CBD oil has been proven both scientifically and by users to be one of the safest and most potent health supplements that can aid in the treatment of several difficult-to-cure conditions and diseases.
Its innumerable health benefits range from relieving pain and inflammation to calming seizures associated with epilepsy. It’s no wonder so many people have switched to CBD oil for more natural and side-effect-free treatment of their ailments.
However, one needs to be careful about the quality of the product he/she is buying. There are quite a few ways to get an idea about the quality and potential of a CBD product. But the first step towards gaining insight into any CBD product, in fact, into any product for that matter, is to carefully study the label.
It can’t be emphasized enough how important reading the label and batch number of a CBD product is. However, it may not be as easy as it sounds.
Understanding what the label says about its ingredients, sourcing, manufacturing and what it suggests about the usage may be difficult to understand for some.
- A lot of people get confused about what’s mentioned in the label.
- Sometimes, the use of certain words or terms can be quite perplexing or even misleading.
- In other instances, brands deliberately mislead consumers by mislabeling.
- There are also points to look for that may not be mentioned on the label. Sometimes, their absence means a lot for the user – more like warning bells!
So, now the questions that arise are:
- What are the things that should be mentioned on the label?
- What do these points really mean to the user?
- How can a user use this information (or the lack thereof) to improve his or her CBD experience?
- What should a person do if certain information is misleading or absent?
- How to safeguard oneself from mislabeling or other hazards?
Whether you’re using CBD tinctures or vape juices, CBD-infused edibles or capsules, or even using a CBD-infused balm or salve for topical application – you need to be aware of what should and may not be mentioned on a CBD product label. You should also understand what they mean to you as a user.
Read on to understand each and every aspect of CBD product labeling in detail.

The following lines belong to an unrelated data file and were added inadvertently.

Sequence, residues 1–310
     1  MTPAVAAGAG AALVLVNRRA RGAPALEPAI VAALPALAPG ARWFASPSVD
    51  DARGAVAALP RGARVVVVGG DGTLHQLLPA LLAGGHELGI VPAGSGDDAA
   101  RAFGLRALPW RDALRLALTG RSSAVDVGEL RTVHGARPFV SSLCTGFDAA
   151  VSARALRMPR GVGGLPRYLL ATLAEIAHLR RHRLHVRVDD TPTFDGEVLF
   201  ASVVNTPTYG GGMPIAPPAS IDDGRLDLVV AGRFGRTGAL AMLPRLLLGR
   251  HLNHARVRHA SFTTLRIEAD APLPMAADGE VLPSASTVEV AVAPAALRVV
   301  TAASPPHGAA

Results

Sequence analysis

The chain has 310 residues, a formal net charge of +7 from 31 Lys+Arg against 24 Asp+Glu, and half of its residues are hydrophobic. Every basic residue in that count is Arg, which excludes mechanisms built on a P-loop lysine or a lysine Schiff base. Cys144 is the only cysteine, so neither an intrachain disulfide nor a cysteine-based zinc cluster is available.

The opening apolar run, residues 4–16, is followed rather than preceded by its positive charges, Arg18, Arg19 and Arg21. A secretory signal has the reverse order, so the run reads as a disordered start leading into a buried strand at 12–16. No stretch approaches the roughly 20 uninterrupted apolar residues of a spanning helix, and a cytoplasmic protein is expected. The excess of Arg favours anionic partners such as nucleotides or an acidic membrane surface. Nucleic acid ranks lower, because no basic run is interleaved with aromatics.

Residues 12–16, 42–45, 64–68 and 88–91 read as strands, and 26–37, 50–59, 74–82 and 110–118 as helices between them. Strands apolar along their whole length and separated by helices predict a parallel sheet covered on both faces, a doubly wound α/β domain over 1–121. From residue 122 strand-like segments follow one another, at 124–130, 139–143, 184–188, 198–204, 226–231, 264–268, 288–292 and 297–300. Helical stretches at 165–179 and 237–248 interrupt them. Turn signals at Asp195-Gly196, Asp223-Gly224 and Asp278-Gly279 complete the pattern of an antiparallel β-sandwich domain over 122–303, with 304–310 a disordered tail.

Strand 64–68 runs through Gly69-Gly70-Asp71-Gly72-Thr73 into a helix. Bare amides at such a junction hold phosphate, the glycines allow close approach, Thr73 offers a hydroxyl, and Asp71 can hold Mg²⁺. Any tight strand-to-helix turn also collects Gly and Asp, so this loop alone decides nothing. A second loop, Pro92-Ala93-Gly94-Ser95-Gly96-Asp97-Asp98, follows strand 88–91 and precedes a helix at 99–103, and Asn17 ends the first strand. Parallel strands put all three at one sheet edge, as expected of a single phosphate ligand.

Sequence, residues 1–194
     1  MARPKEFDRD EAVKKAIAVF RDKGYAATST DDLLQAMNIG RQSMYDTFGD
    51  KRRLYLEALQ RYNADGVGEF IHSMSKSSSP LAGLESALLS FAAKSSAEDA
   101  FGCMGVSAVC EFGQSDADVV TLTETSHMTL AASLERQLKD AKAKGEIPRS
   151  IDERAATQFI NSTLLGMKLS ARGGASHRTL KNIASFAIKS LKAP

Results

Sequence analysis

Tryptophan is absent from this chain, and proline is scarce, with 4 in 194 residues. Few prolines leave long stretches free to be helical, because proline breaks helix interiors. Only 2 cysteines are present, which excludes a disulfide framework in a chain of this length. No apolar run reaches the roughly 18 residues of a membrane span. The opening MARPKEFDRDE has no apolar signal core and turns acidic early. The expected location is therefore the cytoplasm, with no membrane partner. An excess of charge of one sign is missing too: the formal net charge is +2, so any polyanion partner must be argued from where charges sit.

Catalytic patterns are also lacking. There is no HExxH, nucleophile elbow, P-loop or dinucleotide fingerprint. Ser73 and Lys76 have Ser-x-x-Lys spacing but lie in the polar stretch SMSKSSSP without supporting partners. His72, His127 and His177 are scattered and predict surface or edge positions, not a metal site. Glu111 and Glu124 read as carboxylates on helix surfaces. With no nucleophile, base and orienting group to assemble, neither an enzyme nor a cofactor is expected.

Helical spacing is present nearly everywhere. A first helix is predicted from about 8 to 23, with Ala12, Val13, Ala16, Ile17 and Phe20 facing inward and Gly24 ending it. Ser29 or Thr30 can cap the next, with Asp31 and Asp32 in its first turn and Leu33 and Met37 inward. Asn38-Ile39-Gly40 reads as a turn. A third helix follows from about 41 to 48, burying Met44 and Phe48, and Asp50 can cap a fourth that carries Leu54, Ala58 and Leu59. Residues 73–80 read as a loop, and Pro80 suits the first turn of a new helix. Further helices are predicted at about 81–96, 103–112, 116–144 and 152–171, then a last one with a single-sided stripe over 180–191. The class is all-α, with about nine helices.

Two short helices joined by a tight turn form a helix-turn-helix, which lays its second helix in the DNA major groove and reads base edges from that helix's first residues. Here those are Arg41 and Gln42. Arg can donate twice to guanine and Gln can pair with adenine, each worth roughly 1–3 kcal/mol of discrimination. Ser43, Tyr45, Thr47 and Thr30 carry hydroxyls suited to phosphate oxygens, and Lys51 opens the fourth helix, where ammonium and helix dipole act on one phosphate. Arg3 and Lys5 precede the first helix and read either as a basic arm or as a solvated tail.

Things you DO get to KNOW from Labels & What they Mean
- Dosage: CBD oil (or any CBD product for that matter) does not have a specific dosage. It can be difficult for a person to know for sure which kind of product is good for an individual for a specific ailment. However, certain CBD calculators help in gauging the approximate amount for a certain condition, depending on some other factors, like weight, the severity of the condition, etc. So, if a product label tells you that this is for pain relief, they are not being accurate. CBD is not designed specifically for any particular ailment. The other ingredients in a particular product may indeed have something to do with the pain relief factor. However, the amount of CBD you should take can’t be specific to a product. It depends on a lot of other variables.
- Size (or capacity) of the bottle: CBD products, like oils or tinctures and vape juices, often come in bottles. Their capacity (should be mentioned on the label) plays a role in the strength and potency of the product in two ways. If a 30ml bottle of CBD product claims to have 30mg of CBD, it means, each milliliter of CBD oil contains 1mg CBD. Then again, if a 100ml bottle contains 50mg of CBD, that means each milliliter of CBD oil contains 0.5mg of CBD. Similarly, a 30ml bottle, containing 1000mg of CBD, has the same strength of CBD a 15ml bottle with 500mg CBD.
The size of the bottle will also tell you whether you’re actually buying CBD oil of hemp seed oil. For instance, CBD oil is usually available in 10ml, 15ml, 20ml, 30ml, 100ml (3.38 ounce) bottles. A bottle of capacity above 5 ounces will usually contain hemp seed oil and hemp-derived CBD oil, which is a much costlier substance compared to the former. The hemp seed oil has its benefits, but unlike CBD, it can’t actually help treat any ailment.
- Serving size: It’s important to measure your dosage during use. If the CBD product comes in a bottle, it will also come with a dropper. Sometimes, these droppers have calibration marks to help you measure the exact dose. At other times, the label will mention the serving size, i.e. how much dropper delivers (for example, 0.5ml, 1ml, etc.). In the case of edibles, the CBD dose per soft gel capsule may be mentioned or the CBD dosage per bottle and the number of capsules will be mentioned. In the latter case, you have to calculate the CBD dosage per capsules by dividing the CBD strength of the entire bottle by the number of capsules. For example, a bottle of capsules, containing 30 capsules of a total CBD strength of 150mg, suggests each cap contains 5mg of CBD.
- CBD Content: Commonly mentioned on the label as 250mg, 500mg, 750mg, or 1000mg CBD, this is the total amount of CBD, in weight, contained in the pack, irrespective of the kind of CBD product used. This not only helps you measure your dosage per day/per dose, but it also helps you to microdose, i.e. find the right dosage in the long run.